Blocking orders against ISPs to combat trade-mark infringement legal says Court of Appeal in Cartier

The English Court of Appeal released an important decision last week confirming that courts’ equitable jurisdiction to grant injunctions where “just and convenient” is broad enough to order internet Service Providers (ISPs) to block web sites from selling trade-mark infringing goods. The Court in Cartier International AG & Ors v British Sky Broadcasting Ltd & Ors [2016] EWCA Civ 658 (06 July 2016) confirmed the correctness of the prior comprehensive decision of Arnold J. in Cartier International AG & Ors v British Sky Broadcasting Ltd & Ors [2014] EWHC 3354 (Ch) (17 October 2014).

The jurisdiction to grant web blocking orders against ISPs who are aware that their services are being used by third parties to infringe copyrights is well established in the European Union. The jurisdiction is mandated by Article 8(3) of The Information Society Directive which was transposed into English law pursuant to Section 97A of the UK Copyright Act. The jurisdiction to make these orders has been confirmed on numerous occasions. See, Barry Sookman, Blocking orders against ISPs legal in the EU: UPC Telekabel Wien, Keeping The Pirate Bays at Bay: using blocking orders to curtail infringements, The Pirate Bay blocked in France.

Article 11 of the EU Enforcement Directive also requires that Member States ensure that rightsholders are in a position to apply for an injunction against intermediaries whose services are used by a third party to infringe their trade-marks. This obligation had never been transposed into UK law, as the UK government believed that existing law already complied with this obligation and nothing further needed to be done. The central question in Cartier was whether that belief was right. The Court confirmed it was.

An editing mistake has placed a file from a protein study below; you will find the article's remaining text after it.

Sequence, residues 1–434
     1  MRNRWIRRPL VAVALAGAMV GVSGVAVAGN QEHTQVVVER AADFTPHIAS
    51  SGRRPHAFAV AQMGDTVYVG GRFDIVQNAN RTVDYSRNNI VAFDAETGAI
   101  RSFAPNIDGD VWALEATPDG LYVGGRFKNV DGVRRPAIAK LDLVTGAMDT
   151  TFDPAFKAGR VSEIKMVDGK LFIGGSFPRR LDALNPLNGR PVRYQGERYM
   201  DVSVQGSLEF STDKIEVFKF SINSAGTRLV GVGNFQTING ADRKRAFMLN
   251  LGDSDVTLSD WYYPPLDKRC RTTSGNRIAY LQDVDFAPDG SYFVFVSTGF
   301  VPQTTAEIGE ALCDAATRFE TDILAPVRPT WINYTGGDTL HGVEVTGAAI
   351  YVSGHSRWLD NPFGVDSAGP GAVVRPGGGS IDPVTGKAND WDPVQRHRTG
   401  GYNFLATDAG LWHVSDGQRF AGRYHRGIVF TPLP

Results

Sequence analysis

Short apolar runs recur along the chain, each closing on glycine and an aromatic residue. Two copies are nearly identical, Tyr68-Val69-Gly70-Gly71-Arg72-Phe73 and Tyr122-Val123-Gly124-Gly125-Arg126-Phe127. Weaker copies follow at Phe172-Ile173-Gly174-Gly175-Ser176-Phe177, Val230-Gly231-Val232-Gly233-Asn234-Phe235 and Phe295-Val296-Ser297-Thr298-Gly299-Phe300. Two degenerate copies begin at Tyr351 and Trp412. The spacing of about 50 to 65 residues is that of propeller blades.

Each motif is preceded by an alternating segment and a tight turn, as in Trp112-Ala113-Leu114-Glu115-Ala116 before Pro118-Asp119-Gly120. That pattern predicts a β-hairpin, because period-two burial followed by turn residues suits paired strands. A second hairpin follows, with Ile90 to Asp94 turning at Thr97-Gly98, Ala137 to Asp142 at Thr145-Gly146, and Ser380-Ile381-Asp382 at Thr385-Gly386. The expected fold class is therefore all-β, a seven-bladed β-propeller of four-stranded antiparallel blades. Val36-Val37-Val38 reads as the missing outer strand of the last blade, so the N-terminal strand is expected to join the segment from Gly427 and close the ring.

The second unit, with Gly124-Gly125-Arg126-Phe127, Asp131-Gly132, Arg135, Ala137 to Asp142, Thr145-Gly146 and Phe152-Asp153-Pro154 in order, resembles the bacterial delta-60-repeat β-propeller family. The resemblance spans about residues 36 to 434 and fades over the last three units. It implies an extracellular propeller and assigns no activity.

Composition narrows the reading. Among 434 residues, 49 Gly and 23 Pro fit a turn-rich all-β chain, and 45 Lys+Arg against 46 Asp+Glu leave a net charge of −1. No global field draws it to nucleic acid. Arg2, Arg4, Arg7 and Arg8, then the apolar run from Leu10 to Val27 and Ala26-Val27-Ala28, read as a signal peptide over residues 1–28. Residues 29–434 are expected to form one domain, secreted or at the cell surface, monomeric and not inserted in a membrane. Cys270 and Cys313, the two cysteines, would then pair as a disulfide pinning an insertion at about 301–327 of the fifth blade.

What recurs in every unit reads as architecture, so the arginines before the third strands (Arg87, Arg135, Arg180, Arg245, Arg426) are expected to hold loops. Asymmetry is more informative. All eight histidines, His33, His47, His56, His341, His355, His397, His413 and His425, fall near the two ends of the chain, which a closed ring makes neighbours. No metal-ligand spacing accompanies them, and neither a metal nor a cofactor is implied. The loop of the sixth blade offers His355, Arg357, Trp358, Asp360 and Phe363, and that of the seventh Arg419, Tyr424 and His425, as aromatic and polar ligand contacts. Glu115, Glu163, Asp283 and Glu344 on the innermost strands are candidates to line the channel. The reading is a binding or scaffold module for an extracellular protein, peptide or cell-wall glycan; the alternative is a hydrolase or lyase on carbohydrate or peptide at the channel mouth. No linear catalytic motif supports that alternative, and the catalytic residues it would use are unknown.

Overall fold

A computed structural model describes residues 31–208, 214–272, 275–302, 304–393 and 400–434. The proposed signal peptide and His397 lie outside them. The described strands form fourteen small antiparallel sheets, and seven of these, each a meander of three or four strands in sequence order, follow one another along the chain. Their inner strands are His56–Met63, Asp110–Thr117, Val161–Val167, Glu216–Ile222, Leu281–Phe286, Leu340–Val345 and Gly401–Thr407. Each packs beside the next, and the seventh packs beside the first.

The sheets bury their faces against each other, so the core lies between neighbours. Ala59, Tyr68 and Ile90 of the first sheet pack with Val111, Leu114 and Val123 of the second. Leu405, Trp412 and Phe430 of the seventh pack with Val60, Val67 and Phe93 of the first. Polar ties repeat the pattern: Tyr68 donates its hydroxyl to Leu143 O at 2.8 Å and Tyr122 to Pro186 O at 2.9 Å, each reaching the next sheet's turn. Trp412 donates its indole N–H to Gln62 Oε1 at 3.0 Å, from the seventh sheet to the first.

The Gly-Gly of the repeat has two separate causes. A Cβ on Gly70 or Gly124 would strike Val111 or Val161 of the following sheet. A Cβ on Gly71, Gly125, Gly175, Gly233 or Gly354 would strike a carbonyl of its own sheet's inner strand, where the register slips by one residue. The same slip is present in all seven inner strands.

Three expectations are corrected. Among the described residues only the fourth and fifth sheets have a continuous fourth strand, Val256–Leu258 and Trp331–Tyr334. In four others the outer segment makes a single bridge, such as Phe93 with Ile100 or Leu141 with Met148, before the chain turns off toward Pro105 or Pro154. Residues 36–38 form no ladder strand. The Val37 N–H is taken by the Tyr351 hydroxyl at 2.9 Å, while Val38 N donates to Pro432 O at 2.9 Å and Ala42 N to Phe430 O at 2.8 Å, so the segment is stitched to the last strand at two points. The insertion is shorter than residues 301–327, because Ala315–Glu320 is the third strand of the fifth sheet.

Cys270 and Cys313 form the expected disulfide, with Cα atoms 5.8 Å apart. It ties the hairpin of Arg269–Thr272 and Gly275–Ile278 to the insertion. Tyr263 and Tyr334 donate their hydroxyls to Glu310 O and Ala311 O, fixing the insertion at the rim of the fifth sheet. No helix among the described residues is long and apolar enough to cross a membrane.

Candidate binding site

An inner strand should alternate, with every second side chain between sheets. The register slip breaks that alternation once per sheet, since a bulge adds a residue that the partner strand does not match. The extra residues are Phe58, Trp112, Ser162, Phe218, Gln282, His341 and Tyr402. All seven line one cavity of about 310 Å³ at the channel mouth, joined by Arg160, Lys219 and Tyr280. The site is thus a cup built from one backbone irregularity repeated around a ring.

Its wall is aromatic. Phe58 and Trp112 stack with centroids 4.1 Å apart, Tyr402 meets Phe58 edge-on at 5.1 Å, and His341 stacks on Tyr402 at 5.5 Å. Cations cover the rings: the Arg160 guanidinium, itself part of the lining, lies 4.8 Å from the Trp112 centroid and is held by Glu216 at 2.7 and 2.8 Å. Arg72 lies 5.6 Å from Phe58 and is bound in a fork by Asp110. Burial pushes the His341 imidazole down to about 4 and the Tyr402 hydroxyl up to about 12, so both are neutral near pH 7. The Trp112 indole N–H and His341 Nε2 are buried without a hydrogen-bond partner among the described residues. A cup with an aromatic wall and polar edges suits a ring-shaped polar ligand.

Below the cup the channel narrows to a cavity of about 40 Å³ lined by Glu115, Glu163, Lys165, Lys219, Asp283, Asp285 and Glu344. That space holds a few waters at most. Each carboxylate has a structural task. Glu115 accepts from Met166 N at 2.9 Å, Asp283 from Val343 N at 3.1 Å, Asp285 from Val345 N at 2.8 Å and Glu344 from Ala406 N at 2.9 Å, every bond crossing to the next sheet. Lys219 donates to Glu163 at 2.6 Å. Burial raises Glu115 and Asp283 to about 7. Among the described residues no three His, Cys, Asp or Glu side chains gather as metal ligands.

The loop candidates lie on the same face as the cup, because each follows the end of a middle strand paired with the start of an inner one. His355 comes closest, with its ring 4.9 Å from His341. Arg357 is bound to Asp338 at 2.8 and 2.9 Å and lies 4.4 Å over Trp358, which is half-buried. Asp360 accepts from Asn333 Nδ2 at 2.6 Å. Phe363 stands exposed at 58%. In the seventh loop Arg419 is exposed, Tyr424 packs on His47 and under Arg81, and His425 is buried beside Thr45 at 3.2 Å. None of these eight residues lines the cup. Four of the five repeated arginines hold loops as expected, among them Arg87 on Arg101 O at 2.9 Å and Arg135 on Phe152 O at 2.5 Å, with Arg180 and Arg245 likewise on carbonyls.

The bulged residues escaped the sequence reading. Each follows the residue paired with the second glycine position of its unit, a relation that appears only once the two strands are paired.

In giving reasons for decision, the Court canvassed the breadth of the courts’ equitable jurisdiction and explained why it was broad enough to grants blocking orders against ISPs who were not themselves infringers.

First, the powers of courts with equitable jurisdiction to grant injunctions are, subject to any relevant statutory restrictions, unlimited. The categories in which injunctions have historically been granted are not closed. New categories can be added in light of today’s conditions and standards. They are not frozen to those of yester-year.

Second, injunctive relief can be ordered against a third party that is not himself or herself an infringer.

Third, equity has long recognized the existence of an “equitable protective duty” that prohibits an otherwise innocent party from dealing with goods in a manner that would aid infringement by third parties. This duty, which equity will enforce with an injunction, was described in Norwich Pharmacal Co v Customs and Excise Commissioners [1974] AC 133 as follows:

” If a man has in his possession or control goods the dissemination of which, whether in the way of trade or, possibly, merely by way of gifts (see Upmann v. Forester, 24 Ch.D. 231 ) will infringe another’s patent or trade mark, he becomes, as soon as he is aware of this fact, subject to a duty, an equitable duty, not to allow those goods to pass out of his possession or control at any rate in circumstances in which the proprietor of the patent or mark might be injured by infringement ensuing. The man having the goods in his possession or control must not aid the infringement by letting the goods get into the hands of those who may use them or deal with them in a way which will invade the proprietor’s rights. Even though by doing so he might not himself infringe the patent or trade mark, he would be in dereliction of his duty to the proprietor. This duty is one which will, if necessary, be enforced in equity by way of injunction: see Upmann v. Elkan, L.R. 12 Eq. 140; 7 Ch.App 130. “